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Organizational Structure of the Railway Transportation System

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Organizational Structure of the Railway Transportation System

A special law regulates the railway transportation system in Belarus. REF _Ref264022194 \h \* MERGEFORMAT The Law of Railway Transport was published on January 6, 1999 REF _Ref264022194 \h \* MERGEFORMAT and defines the legal and institutional framework for the railway transportation system in Belarus. According to the provisions of the law, the railway is organized as an “association” of state-owned entities with the name of Belarusian Railways. Belarusian Railways is a commercial organization (meaning that it has the right to sign commercial contracts) under the supervision of the Ministry of Transport and Communications. The national bodies of state regulations, of local regulations, public and other organizations, in principle, may not interfere with the activities of rail transport.

Belarusian Railways is an “association,” which includes various units. These units (i) operate freight and passenger transport services; (ii) maintain and repair infrastructure; (iii) maintain and repair rolling stock, power supply, signaling and telecommunications, information technology for railways; (iv) operate social activity units such as kindergartens, training centers, health units and sport complexes, and (v) produce goods and services unrelated to railway operations, such as in agriculture. Considering the increased market pressure on the transport activities of Belarusian Railways, which is illustrated by the lost market share in favor of road transport, the World Bank recommends to analyze the conditions for setting up internal business units within Belarusian Railways and to keep separate statements of account for the different lines of business, but within a consolidated Belarusian Railways as the only legal entity for railway transport activities. In this way, management will have a clear image of the profitability of each line of business and will be able to take the appropriate corrective decisions that may be needed from time to time. The existing cross subsidies between various lines of business could be used to balance the overall accounts for short periods of time, but they are not appropriate as long-term policy instruments.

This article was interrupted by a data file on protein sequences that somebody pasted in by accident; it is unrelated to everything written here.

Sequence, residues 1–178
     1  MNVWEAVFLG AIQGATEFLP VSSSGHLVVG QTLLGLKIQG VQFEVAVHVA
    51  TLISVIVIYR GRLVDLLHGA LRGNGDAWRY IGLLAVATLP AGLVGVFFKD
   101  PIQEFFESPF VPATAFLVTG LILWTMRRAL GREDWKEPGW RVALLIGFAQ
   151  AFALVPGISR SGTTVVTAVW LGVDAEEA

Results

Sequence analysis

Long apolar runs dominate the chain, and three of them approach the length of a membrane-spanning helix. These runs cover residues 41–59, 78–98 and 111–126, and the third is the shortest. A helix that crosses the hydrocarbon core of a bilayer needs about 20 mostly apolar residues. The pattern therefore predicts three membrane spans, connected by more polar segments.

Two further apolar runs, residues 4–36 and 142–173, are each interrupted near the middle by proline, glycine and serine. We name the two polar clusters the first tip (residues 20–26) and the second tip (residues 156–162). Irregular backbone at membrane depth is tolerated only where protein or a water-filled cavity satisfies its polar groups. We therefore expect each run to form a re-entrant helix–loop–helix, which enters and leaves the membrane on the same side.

The principle of covering the marginal costs should govern tariffs on railway transport. According to the Railway Law, REF _Ref264022194 \h \* MERGEFORMAT the tariffs should cover all costs of Belarusian Railways, including the costs of operation and maintenance of railway assets. The President of the Republic of Belarus approves tariffs for domestic transport services. International agreements of the Republic of Belarus establish the tariffs for international transport services. The implementation of this principle must be carefully monitored to ensure the continued ability of Belarusian Railways to act as a commercial entity in a competitive transportation market. As described earlier in this document, the railway sector lost significant market share to road transport during the last years. The World Bank believes that a more flexible tariff policy for freight could help to recapture part of the lost volume. REF _Ref264022194 \h \* MERGEFORMAT

According to the provisions of the railways laws, state support for the railway sector can be provided by national and local budgets for socially important passenger transportation. Additionally state support could be granted for the development of the railway network, modernization of rolling stock, and introduction of new technologies. Until recently, however, Belarusian Railways has been a financially self-sustaining entity and did not receive financial support from the State.